The research team collected and analyzed DNA bar codes—short, diagnostic gene sequences—for more than 300 species across the euptychiine group of butterflies that includes the sunburst cerulean-satyr. It turned out that the DNA sequences for the sunburst cerulean-satyr and the dull brown butterfly, which had been given a completely different species name, were identical.

“None of us thought about this possibility before, and we were all surprised by this outcome of our DNA analysis,” said study lead author Shinichi Nakahara of the University of Florida. “Given that males and females of most euptchiine butterflies look more or less the same, I guess no one thought that the female would look so different compared to the male.”

The discovery of the female sunburst cerulean-satyr butterfly contributed to the recognition of the male and female of two other species in this group, including a new species from the cloud forests in eastern Ecuador. The different-looking males and females of the two species means that the euptchiine group of butterflies is one of the most sexually dimorphic among the species.

A better understanding of the diversity and relationships among euptchiines makes it possible for scientists to think about bigger questions like why and how they diversified and the role wing patterns play in signaling between the sexes, Nakahara said.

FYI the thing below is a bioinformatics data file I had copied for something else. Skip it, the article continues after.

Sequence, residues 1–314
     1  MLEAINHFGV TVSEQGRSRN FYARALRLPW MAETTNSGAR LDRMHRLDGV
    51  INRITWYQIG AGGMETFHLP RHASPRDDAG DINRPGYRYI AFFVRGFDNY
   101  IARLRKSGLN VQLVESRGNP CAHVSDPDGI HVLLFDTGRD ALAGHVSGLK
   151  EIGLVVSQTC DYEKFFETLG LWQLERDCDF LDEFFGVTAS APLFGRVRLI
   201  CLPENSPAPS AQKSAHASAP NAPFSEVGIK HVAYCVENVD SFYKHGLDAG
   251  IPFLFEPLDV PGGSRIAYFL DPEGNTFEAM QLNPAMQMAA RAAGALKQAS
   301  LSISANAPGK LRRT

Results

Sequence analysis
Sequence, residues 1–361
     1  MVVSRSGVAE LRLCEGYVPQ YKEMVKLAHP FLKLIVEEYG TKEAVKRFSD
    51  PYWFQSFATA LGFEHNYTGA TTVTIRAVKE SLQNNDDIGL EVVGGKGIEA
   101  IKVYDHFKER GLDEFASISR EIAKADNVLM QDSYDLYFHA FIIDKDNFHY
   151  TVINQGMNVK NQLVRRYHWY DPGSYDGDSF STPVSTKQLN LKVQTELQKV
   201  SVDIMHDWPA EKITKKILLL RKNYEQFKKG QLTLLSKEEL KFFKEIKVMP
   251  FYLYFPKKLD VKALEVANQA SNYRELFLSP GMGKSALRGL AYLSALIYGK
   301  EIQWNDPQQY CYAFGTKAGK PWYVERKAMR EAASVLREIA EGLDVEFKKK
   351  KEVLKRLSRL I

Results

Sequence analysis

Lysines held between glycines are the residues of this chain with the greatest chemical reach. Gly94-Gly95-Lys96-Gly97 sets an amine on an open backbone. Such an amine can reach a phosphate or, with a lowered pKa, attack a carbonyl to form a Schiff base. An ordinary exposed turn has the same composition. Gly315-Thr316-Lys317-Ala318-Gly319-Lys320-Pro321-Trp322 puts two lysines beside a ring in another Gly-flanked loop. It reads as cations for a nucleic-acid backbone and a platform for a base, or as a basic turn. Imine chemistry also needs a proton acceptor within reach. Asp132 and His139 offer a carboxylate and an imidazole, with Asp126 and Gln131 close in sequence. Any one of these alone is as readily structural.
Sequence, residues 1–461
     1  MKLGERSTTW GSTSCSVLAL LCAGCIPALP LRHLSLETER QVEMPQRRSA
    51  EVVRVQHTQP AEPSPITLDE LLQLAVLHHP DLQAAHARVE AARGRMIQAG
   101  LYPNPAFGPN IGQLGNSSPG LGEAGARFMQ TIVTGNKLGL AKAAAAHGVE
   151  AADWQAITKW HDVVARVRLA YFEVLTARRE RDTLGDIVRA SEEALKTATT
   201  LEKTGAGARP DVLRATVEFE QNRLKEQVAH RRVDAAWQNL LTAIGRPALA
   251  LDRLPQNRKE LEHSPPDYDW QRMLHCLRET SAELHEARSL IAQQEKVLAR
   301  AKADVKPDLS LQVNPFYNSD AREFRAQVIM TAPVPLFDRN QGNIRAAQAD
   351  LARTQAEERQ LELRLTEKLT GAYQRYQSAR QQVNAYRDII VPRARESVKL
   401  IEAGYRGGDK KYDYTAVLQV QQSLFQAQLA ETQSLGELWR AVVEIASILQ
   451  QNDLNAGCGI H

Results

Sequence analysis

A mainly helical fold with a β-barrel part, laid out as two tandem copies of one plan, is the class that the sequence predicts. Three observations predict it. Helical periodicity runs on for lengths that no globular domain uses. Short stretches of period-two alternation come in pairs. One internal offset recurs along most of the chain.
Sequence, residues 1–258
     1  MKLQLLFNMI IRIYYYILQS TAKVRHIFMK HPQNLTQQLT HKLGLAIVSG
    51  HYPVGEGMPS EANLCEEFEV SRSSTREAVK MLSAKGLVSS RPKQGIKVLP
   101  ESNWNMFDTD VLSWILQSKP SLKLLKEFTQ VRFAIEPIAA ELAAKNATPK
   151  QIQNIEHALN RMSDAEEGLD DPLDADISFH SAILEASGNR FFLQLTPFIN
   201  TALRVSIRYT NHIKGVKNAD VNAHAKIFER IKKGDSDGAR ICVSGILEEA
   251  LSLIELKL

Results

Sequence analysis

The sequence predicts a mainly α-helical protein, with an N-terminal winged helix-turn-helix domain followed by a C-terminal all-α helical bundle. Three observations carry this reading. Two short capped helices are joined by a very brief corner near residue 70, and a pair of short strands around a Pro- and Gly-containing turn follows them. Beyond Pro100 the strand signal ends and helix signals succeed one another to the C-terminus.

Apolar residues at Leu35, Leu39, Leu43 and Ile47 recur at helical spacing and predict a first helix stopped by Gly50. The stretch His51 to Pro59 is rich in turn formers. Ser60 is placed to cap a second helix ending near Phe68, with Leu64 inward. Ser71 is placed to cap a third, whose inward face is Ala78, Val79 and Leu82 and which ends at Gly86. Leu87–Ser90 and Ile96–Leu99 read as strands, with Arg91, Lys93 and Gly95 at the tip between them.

“Our study will serve as the basis for developing a firm understanding of the true species diversity of this group and of Neotropical butterflies in general,” Nakahara said. “These findings are extremely valuable at a time when the biodiversity of the Neotropics is threatened, since it will be impossible to recognize and document the region’s unique elements of biodiversity after they are gone.”

Nature, Science

U.S. to Be Treated to a Full Solar Eclipse in August

Americans are going to be treated to a full solar eclipse on August 21, 2017.
Americans are going to be treated to an amazing event on August 21. Photo via Pixabay

On August 21, the moon will come between the earth and the sun, casting a 70-mile shadow from Oregon to South Carolina in what is likely to be the most-viewed solar eclipse ever recorded.